It must have beguiled and infuriated business travelers during the past couple of years as they watched leisure travelers navigate through airports and into their cabs and shuttles seamlessly thanks to a handy airport app on their iPhones and iPads.
As of yesterday, Android users have an upgraded version of the airport app produced by Salk International’s Airport Transit Guide: How to Get from the Airport to the City Worldwide. Users can download the highly rated app and take it for a spin testing out two out of 460 airports worldwide offered by the app for free at Google’s Play Store.
If you like it, you can get the whole thing for $4.99. The app will be available at Amazon Apps soon.
The more than 30 year old guide’s app is among the Top 10 Travel Apps in the U.S. and internationally.
The addition comes after Ron Salk, editor-in-chief and publisher of Salk International’s Airport Transit Guide received hundreds of requests for the airport app from non-iPhone users.
“In response to many hundreds of requests from smartphone owners, we finally had to launch the Android app,” says Salk.
His only wish is that the app could have been released sooner, but other priorities got in the way, he says.
The wait might have been worth it.
The updated app, Version 1.3 of the 25th Edition of the guide, which went digital in 2010, underwent a major upgrade adding hundreds of data changes, a landscape feature making it more readable, and new search functions including a nonwireless connection to access the information. Once the app is downloaded, users can get detailed price, schedule and route information to taxis, shuttles, limousines, buses and trains along with parking rates and other tips without being in a hot spot when hitting dead zones.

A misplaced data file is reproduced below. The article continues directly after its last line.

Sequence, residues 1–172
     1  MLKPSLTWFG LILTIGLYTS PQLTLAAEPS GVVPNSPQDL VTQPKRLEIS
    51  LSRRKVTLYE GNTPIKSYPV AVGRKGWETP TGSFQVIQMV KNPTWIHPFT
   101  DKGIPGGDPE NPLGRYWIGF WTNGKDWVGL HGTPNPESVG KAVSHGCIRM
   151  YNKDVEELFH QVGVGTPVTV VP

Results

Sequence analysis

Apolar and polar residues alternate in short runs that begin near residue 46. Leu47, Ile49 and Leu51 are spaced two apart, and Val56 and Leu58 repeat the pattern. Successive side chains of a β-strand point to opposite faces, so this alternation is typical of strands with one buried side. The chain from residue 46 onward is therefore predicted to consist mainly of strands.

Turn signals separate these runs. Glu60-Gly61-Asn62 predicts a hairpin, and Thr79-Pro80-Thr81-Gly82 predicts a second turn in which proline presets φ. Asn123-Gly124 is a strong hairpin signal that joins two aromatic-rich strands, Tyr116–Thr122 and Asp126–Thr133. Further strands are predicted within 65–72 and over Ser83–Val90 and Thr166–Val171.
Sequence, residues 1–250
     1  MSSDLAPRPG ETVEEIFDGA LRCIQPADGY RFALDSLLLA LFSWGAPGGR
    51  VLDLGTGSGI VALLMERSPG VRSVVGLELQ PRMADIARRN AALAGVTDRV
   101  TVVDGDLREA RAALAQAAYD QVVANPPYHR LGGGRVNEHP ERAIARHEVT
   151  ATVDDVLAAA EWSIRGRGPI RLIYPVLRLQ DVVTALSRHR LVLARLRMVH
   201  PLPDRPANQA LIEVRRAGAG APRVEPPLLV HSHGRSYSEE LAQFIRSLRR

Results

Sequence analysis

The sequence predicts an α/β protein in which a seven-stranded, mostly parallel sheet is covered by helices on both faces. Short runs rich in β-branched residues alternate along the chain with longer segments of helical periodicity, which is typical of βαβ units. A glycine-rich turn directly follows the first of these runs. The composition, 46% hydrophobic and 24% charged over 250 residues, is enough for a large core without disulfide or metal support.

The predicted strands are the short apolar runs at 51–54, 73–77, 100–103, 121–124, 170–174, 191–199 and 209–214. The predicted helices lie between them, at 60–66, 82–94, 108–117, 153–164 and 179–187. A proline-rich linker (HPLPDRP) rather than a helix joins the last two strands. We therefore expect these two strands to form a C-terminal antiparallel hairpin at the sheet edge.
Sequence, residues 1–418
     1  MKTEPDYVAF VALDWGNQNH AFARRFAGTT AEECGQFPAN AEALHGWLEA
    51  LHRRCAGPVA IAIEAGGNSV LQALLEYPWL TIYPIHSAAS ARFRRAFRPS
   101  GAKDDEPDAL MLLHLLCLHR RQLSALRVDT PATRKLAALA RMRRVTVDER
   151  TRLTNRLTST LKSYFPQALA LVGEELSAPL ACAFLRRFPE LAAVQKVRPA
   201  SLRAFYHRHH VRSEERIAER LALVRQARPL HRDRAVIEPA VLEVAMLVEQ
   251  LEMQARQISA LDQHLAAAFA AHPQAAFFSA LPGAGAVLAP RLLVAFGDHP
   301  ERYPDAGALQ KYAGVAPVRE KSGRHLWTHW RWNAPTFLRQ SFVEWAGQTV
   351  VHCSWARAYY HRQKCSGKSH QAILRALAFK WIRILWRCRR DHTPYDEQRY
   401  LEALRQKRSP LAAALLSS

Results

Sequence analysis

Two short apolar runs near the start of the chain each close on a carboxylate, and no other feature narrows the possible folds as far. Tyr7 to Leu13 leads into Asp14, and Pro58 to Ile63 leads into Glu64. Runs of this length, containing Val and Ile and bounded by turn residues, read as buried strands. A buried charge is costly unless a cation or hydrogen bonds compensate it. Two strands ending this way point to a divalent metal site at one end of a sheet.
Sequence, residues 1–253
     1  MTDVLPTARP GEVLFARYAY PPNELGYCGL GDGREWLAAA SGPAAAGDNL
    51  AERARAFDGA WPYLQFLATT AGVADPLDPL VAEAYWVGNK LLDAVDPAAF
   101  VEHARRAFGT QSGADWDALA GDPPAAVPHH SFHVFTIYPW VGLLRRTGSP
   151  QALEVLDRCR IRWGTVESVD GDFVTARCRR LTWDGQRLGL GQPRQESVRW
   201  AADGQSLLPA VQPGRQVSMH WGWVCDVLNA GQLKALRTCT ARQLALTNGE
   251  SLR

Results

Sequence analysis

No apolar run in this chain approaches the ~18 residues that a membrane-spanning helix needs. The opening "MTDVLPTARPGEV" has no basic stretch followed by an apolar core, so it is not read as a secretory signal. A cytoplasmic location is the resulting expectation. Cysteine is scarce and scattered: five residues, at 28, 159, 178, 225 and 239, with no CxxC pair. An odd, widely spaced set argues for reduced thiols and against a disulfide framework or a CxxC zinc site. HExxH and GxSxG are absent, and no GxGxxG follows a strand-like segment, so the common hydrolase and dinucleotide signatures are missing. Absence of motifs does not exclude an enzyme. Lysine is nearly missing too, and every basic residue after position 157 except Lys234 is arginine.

When in the zone, the app gives travelers interactive wireless connectivity to the airport and transportation companies, an added bonus that has been popular among the 27.9 million iPhone and 7.7 million Android users that like the app at iTunes.
Users will also appreciate that in exchange for a higher price tag the app is ad free and has no plans to pick up ads again in the future.
“We had 99% 5-star reviews,” says Salk, “except for a couple of iPhone reviewers who did not think that we should accept ads on a paid app, even though they were not transportation related. We agreed and dropped the ads.”
The Airport Transit Guide, founded in 1982, was converted from print to digital in 2010, with its 25th Edition.
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